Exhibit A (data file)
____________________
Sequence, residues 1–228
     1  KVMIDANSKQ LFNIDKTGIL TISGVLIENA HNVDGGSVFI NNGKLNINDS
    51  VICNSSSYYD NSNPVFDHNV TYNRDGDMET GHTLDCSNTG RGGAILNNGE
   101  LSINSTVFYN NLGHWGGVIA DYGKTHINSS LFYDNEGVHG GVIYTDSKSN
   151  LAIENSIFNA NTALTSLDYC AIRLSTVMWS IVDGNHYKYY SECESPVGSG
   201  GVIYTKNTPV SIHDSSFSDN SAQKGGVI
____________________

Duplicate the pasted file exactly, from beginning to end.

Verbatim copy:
Sequence, residues 1–228
     1  KVMIDANSKQ LFNIDKTGIL TISGVLIENA HNVDGGSVFI NNGKLNINDS
    51  VICNSSSYYD NSNPVFDHNV TYNRDGDMET GHTLDCSNTG RGGAILNNGE
   101  LSINSTVFYN NLGHWGGVIA DYGKTHINSS LFYDNEGVHG GVIYTDSKSN
   151  LAIENSIFNA NTALTSLDYC AIRLSTVMWS IVDGNHYKYY SECESPVGSG
   201  GVIYTKNTPV SIHDSSFSDN SAQKGGVI